What would WW2 have been like if women had been allowed to enlist? Michael Grant’s new book, Front Lines, addresses this idea. The book is faithful to history – the reality of war, the horror and bloodshed, the narrow mindedness of 1940’s society, attitudes to woman, racism – faithful in all ways except the fact that in his story women are allowed to enlist and to fight on the front line.
This is not a book for the faith hearted – descriptions of war and injuries and death are painfully honest. Neither is it for readers who shy away from the unpleasant sexist and racist behaviour of previous generations – readers need to be aware that at times the author uses language that is highly offensive today but was accepted in the 1940’s.
However, it is the book for readers who enjoy following the lives of a group of characters, watching them grow and develop, or for readers who question war and how it is fought or for readers who like to question attitudes in society. This is a serious, thoughtful, albeit fairly long, book with plenty to teach, fascinate and interest the reader.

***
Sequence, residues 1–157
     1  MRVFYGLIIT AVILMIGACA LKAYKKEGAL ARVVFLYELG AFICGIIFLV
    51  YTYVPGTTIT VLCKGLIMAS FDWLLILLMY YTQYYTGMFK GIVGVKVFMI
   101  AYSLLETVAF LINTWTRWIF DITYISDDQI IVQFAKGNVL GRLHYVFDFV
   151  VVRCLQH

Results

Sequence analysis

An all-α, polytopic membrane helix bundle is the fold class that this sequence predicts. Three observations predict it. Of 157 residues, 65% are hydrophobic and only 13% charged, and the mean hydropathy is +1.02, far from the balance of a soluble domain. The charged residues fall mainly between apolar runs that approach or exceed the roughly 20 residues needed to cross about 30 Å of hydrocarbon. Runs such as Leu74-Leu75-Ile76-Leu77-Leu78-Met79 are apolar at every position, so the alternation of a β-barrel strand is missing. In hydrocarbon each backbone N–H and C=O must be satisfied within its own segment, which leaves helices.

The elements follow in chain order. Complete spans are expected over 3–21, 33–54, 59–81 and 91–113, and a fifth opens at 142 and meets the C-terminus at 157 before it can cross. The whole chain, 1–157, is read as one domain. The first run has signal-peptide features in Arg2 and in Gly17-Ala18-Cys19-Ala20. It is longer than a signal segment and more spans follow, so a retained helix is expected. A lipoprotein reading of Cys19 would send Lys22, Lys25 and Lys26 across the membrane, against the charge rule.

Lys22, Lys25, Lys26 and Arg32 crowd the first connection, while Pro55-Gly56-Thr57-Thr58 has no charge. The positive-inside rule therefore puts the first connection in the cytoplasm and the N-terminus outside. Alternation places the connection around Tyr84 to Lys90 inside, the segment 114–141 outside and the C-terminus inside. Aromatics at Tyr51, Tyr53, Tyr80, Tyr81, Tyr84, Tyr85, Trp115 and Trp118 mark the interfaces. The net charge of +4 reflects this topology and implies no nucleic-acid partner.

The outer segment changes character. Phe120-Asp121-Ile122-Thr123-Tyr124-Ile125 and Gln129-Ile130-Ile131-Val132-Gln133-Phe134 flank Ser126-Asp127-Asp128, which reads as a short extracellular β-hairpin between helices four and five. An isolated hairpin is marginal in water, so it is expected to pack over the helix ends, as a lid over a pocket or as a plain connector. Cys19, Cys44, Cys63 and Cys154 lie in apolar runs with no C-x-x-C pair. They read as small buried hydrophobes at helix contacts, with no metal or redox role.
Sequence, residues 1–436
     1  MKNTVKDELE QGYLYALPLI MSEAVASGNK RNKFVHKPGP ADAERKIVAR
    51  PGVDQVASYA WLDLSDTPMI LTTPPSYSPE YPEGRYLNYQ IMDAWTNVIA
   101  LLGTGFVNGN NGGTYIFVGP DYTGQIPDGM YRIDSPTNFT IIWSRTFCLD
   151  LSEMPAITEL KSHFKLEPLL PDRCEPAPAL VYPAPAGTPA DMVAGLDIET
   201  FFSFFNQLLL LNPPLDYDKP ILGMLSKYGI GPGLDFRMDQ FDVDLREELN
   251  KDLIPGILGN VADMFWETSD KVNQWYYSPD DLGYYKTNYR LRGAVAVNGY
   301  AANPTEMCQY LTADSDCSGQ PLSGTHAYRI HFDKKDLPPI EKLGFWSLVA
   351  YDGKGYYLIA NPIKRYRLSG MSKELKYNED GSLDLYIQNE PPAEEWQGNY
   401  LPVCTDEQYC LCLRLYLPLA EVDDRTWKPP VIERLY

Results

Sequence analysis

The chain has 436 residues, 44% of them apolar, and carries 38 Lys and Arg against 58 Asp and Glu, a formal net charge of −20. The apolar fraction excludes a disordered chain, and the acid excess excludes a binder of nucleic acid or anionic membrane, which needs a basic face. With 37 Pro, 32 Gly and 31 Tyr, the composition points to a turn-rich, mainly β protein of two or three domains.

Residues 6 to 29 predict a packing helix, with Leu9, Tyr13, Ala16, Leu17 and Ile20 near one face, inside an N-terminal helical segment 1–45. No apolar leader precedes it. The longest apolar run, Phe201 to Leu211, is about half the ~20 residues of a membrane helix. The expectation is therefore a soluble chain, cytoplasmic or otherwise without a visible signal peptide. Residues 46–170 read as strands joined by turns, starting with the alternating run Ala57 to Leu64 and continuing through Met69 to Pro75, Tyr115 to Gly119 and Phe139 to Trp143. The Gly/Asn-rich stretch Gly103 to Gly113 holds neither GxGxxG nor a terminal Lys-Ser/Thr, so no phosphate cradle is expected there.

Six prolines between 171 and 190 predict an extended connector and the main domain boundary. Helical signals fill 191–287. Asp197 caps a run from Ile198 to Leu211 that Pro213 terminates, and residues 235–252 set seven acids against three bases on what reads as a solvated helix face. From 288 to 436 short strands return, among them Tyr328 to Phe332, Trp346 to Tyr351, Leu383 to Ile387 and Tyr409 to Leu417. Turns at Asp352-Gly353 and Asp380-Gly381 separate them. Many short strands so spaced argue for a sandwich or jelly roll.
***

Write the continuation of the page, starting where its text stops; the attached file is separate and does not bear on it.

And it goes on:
There will be second book in the series – so look out for it.
Set in WW2, this is history with a twist: American woman are allowed to enlist. The book follows the experiences of three young women – Rio, Rainy and Frangie as they sign up and go to war. Rio is a country girl who signs up with her friend. She’s underage at 17 but she soon grows up when she is assigned the role of rifleman and finds herself right in the middle of the fighting. Rainy is a highly intelligent New York Jewess who works with military intelligence and Frangie is black American who dreams of being a medic and whose family needs her income. All three women face sexist taunts and Frangie suffers from racist bigotry too; but they are determined to prove themselves. As they battle to be soldiers and to fight alongside their male peers, each of these women discovers hidden reserves in themselves.
Women at war:
Although women enlisting and fighting on the front line in WW2 is a fantasy, readers need to remember that women did serve in WW2 and books like Code Name Verity cover this (Michael Grant makes reference to how this book inspired him). A book with a women as a soldier (though not WW2 and living in disguise) is Buffalo Soldier and this is worth a read too.